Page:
According to the Federal Emergency Management Agency:
The U.S. Consumer Product Safety Commission urges all users to lower their water heaters to 120 degrees Fahrenheit.
A thermostat setting of 120 degrees Fahrenheit (49 degrees Celsius) may be necessary for residential water heaters to reduce or eliminate the risk of most tap water scald injuries. Consumers should consider lowering the thermostat to the lowest settings that will satisfy hot water needs for all clothing and dish washing machines.
Never take hot water temperature for granted. Always hand test before using, especially when bathing children and infants.
How to test your water temperature:
1. Run the hot water for five minutes.
2. Put a reliable thermometer that registers at least 150 degrees under the water stream.
3. If your water is more than 125 degrees, lower the thermostat on your water heater. If you can't find the temperature controls or have any questions, call a qualified contractor or your landlord for help.
Have you received a RED TAG?
RED TAGS are placed on natural gas meters or appliances by our field service technicians to identify and flag an unsafe condition. Our RED TAGS provide clear and concise instructions on the steps that need to be taken to resolve the hazardous condition and restore gas service. Any red tag issues need to be addressed as soon as possible.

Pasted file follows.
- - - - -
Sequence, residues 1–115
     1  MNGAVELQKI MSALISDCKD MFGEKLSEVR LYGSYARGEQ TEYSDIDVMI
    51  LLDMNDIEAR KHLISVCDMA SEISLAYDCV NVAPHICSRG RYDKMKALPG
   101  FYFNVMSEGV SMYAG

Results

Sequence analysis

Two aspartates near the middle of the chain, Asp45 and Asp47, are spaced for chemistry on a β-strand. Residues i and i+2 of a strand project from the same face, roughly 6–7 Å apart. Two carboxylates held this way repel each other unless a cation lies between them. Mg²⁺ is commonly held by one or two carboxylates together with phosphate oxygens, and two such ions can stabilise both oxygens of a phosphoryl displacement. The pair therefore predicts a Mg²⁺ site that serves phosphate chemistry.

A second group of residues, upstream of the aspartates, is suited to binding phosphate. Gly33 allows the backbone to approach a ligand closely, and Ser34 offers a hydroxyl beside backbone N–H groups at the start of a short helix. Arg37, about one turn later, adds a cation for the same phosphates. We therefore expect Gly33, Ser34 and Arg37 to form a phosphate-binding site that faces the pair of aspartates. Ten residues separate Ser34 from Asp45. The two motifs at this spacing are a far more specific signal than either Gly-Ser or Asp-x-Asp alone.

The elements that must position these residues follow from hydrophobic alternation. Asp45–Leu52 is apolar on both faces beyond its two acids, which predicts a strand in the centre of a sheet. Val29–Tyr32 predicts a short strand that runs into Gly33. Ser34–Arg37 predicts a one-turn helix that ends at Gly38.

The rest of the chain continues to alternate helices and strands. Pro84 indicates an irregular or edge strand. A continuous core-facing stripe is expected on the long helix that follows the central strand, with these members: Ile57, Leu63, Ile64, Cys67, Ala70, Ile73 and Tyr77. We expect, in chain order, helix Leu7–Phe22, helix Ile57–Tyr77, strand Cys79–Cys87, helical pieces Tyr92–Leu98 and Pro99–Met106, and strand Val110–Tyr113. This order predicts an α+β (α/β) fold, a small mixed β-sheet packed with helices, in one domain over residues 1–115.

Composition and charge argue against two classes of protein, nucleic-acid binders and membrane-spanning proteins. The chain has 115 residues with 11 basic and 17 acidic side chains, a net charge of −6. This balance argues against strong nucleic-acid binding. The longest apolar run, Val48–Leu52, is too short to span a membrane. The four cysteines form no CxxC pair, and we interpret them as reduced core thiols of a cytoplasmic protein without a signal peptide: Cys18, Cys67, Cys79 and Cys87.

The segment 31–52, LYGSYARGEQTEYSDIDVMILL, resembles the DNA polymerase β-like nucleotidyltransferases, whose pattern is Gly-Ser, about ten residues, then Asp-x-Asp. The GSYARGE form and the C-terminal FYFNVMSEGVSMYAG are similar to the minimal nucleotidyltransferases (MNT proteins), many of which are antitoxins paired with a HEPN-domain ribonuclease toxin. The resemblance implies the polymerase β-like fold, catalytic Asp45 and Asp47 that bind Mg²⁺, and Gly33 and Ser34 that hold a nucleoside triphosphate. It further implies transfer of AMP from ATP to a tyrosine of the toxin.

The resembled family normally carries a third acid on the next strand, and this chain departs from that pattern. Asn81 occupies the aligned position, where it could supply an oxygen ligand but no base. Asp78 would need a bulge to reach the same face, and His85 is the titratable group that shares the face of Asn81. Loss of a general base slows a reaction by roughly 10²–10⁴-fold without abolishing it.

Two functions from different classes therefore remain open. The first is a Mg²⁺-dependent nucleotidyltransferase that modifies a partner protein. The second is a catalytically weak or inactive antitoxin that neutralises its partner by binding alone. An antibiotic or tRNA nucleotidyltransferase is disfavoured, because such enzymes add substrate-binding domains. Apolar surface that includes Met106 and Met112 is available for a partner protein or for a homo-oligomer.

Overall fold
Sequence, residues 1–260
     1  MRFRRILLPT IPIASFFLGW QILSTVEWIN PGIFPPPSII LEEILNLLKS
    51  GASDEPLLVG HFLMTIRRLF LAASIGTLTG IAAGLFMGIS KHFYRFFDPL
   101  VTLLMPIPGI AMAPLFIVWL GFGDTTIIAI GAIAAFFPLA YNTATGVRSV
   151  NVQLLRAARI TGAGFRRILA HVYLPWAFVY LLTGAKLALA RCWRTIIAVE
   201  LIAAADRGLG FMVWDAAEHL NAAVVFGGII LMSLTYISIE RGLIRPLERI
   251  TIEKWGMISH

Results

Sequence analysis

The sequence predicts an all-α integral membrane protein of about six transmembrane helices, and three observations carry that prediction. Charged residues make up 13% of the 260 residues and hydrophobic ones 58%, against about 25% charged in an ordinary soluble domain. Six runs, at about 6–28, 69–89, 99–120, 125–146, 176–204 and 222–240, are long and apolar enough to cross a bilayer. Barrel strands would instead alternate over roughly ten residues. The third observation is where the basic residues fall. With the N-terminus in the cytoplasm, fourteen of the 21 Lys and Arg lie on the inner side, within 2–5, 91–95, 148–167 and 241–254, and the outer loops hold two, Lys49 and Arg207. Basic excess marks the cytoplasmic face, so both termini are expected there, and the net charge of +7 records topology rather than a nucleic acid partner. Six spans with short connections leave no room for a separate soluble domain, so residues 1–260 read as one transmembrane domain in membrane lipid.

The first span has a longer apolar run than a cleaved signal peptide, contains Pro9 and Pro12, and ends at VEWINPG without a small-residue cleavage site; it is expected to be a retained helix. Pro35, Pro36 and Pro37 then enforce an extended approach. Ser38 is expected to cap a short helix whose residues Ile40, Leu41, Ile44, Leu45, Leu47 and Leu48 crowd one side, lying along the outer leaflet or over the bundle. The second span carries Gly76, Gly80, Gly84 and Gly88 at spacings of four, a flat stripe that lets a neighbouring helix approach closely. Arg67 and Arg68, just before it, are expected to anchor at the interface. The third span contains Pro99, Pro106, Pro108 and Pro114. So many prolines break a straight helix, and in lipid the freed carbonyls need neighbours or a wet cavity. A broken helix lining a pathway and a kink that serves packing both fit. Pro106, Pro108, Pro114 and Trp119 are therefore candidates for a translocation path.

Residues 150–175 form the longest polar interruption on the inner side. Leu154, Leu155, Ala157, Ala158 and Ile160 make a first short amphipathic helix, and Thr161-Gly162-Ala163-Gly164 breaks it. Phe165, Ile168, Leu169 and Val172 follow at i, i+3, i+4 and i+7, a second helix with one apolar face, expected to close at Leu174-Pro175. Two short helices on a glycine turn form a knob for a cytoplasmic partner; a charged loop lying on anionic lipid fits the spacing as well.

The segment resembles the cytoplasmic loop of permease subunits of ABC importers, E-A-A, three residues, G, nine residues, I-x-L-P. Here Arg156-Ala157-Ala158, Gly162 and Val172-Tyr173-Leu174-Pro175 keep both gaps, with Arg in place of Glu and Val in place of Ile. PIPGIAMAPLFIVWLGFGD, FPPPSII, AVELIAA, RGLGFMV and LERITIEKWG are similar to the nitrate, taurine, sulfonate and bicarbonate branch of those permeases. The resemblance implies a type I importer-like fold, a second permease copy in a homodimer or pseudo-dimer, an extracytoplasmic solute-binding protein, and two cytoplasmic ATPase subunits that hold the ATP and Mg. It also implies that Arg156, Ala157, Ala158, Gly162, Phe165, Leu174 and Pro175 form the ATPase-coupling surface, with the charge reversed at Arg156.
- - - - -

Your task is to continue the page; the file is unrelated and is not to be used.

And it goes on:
What do I need to do next?
DO NOT connect or use the tagged appliance(s) or customer piping until you have a properly licensed and qualified contractor/person perform the necessary repairs. For appliance repairs and maintenance, you can reach out to one of our Qualified Gas Contractors – Preferred program members using the Find a Contractor tool. Once the conditions indicated on the RED TAG have been resolved, you will need to notify your city agency listed on the back of the tag for inspection.
Appliance connectors are corrugated metal tubes used to connect gas appliances to fuel gas supply pipes. Some older brass connectors have a serious flaw in how their tubing was joined to their end pieces. Learn how to spot the differences between good and bad appliance connectors below.